A deliberative process may be described as a thinking process which informs decision making in FOI bodies. It involves the gathering of information from a variety of sources and weighing or considering carefully all of the information and facts obtained with a view to making a decision or reflecting upon the reasons for or against a particular choice. Thus, it involves the consideration of various matters with a view to making a decision on a particular matter. It would, for example, include some weighing up or evaluation of competing options or the consideration of proposals or courses of action.
The record at issue contains what are described as RTÉ's preliminary comments in relation to the 2017 Bill. Both RTÉ and the Department argued that the record contains matter relating to the deliberative processes of both bodies. The Department argued that the record forms part of its deliberations on the Bill as it was created as part of a process whereby the Department is gathering views from various aegis bodies, advisory entities and other Departments for the purpose of informing an approach to the Bill. It also argued, as did RTÉ, that the record contains matter relating to the deliberative processes of RTÉ as the comments in the record do not represent RTÉ's conclusive position on the matter.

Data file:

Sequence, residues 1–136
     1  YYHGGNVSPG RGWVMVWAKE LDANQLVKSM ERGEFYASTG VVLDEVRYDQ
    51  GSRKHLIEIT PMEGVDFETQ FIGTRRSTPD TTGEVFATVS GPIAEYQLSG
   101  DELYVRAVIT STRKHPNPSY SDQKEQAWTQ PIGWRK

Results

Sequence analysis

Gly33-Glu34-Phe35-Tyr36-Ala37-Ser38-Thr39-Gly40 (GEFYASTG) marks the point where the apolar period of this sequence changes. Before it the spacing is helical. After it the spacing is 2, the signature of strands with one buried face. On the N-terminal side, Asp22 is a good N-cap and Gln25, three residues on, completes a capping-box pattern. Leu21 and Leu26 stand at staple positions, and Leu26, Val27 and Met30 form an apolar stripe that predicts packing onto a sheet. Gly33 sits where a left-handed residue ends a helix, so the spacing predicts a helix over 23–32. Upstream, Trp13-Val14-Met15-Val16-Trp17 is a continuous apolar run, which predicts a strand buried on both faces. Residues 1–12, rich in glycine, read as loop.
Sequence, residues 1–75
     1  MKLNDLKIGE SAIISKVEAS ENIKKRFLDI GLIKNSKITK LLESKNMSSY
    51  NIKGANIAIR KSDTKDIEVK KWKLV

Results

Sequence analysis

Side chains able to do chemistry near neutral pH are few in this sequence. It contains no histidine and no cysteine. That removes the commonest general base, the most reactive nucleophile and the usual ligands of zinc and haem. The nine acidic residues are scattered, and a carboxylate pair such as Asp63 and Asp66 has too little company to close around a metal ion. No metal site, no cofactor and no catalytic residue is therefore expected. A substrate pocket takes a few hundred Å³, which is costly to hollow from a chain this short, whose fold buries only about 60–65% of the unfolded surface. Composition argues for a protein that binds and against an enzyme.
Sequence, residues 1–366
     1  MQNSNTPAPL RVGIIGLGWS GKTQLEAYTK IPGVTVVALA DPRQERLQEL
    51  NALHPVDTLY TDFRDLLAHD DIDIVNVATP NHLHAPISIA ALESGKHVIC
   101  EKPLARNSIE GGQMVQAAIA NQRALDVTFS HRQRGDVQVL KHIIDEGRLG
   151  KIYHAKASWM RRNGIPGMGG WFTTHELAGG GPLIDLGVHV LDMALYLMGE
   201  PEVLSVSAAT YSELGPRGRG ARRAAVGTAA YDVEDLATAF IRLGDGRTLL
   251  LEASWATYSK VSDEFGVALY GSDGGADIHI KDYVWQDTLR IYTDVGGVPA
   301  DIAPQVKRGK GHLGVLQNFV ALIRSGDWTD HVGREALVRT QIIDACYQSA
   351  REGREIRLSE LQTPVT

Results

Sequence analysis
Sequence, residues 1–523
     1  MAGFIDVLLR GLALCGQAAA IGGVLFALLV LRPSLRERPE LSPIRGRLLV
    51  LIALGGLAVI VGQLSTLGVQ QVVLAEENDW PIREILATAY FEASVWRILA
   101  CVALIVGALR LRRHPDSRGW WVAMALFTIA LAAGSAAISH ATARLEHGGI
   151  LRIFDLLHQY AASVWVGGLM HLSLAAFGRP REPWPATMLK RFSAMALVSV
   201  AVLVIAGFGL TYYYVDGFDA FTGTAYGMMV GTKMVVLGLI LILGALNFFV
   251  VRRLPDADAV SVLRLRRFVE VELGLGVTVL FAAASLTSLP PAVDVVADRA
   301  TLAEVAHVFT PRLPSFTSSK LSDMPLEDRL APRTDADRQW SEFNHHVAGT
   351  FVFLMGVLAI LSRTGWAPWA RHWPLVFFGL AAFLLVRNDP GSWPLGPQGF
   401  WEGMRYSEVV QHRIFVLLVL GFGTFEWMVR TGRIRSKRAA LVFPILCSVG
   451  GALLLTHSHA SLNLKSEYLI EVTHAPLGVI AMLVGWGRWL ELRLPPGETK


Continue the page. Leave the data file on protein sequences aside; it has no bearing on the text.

I am satisfied that the record contains matter relating to the deliberative processes of an FOI body and that the first requirement for section 29(1) to apply is met. The question I must consider, therefore, is whether the release of the record would be contrary to the public interest. For release to be contrary to the public interest, this Office would generally expect the body to identify a specific harm to the public interest flowing from release. A mere assertion without supporting evidence is not sufficient to satisfy the requirement that granting access to the record would be contrary to the public interest.
The Department argued that it is in the public interest that bodies can circulate preliminary views regarding draft legislation without concern that such material will be provided to the public. Specifically, it argued that it would be misleading and possibly prejudicial to public discourse to release the record at issue while the deliberative process in RTÉ, the Department and the Oireachtas is underway and that it considers this likelihood to mislead and potential to prejudice legislative process to be contrary to the public interest. RTÉ also argued that it may be misleading to release the record if it is not in line with the approach the Department has taken in relation to the Bill.